Remembering Paul Magriel
Paul Magriel died yesterday.
Most poker players likely remember Paul from his disheveled appearance and quirky behavior. At times, it seemed like he was from a different planet. His nickname was “X-22.” He often quacked like a duck at the poker table, usually after winning a pot. When you heard “quack quack,” you knew Paul was in the room. Fittingly, his favorite Hold’em hand was pocket deuces, otherwise known as a pair of ducks.
But there’s more to know, and learn.
What most people probably don’t know is the fascinating story of Paul’s life decades before he became a regular poker player.
From early childhood, Paul was a prodigal gamesman. He started out playing backgammon and chess. He won the New York State Junior Chess Championship just a few years after another prodigal talent, Bobby Fischer burst onto the scene. By the late 1960s, New York’s Greenwich Village became his personal playground. He frequented the Olive Tree Cafe on MacDougal Street, known to be the hangout of hustlers. Later, he spent most of his free time at Singapore Sam’s, and after that, the far more fashionable uptown Mayfair Club.
Within a decade, Paul was widely acknowledged as one of the greatest backgammon players in the world. He often played games for $1,000 a point — astronomical stakes at the time. He won the 1978 World Championship of Backgammon held in Nassau, The Bahamas. Months earlier, Paul was victorious in one of the greatest backgammon matches in history, a grueling 17-hour marathon in Athens, Greece against then European champion, Joe Dwek. Paul was so proficient at the game that he became known as the “Human-Computer.” In 1977, he wrote co-wrote a book with his first wife Renee Roberts simply titled Backgammon, which became the game’s bible. It sold 10,000 copies in the first two months of release. Later, Paul wrote the weekly backgammon column for The New York Times.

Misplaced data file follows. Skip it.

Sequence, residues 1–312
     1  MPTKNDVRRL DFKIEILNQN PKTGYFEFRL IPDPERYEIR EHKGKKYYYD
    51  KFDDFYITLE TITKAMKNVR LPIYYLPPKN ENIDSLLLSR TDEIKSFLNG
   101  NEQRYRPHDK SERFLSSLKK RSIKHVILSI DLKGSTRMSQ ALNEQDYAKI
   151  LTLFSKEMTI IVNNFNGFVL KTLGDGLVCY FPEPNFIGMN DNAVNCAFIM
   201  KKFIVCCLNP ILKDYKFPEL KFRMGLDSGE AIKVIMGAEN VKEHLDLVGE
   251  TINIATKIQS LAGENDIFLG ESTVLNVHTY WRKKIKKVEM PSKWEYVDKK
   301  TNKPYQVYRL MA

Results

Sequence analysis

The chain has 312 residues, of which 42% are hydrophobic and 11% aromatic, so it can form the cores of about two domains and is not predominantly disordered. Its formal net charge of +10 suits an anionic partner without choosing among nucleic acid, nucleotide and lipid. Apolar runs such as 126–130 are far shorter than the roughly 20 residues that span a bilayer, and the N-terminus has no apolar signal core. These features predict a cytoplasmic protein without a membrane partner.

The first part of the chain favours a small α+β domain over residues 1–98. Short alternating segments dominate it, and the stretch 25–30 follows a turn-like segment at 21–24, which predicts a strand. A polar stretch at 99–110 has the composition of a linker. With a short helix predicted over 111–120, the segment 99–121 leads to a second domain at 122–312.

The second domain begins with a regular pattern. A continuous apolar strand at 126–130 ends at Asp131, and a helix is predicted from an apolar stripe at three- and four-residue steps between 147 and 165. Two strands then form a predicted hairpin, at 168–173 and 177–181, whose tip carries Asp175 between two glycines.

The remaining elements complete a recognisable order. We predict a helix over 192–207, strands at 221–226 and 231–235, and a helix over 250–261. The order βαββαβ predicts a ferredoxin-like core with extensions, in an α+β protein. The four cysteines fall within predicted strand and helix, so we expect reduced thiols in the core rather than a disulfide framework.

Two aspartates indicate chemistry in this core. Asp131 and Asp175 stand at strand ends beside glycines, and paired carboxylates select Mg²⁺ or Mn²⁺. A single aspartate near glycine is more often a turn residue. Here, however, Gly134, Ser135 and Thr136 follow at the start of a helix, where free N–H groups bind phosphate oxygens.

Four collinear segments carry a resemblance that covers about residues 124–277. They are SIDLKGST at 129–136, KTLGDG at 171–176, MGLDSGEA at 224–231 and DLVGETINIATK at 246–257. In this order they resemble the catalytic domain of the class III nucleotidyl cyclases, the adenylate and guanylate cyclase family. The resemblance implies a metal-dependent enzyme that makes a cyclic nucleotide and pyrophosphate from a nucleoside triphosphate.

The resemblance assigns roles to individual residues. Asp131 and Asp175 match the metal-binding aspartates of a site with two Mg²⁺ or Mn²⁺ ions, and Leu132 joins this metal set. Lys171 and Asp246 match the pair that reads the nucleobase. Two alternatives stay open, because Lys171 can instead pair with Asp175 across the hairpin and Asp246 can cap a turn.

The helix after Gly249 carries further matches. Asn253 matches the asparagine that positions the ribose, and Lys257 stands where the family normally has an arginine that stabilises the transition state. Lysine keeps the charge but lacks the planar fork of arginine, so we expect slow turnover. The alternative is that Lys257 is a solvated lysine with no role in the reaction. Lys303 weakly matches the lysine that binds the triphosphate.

But that was just part of who Paul was, who most did not know.
This photograph (above) shows Paul playing backgammon against Kiumars Motakhasses at the Mount Parnis Casino in Athens.
Paul was more than a master of games. He attended the prep school at Phillips Exeter Academy in New Hampshire. He earned a B.A. in mathematics from New York University, graduating at age 20. Next, he did his graduate studies at Princeton.
He was a math wizard, who loved numbers and relished the opportunity to solve complex puzzles. At night, he played games. During the day, he was a math instructor at the New Jersey Institute of Technology, where he worked for seven years before deciding to finally put away the chalk and take up backgammon (and later poker playing) for a living because the money was just too good a thing to pass up and there were plenty of suckers who wanted a game.
Back then, backgammon was a high-stakes web of rich people and cultural elites who gathered nightly at posh social clubs. Paul’s immersion onto that privileged scene, first in New York City then later around the world at the most exclusive resorts, was every bit as momentous as the indelible impact on games and gambling left by Ken Uston and Stu Ungar, every bit his contemporaries.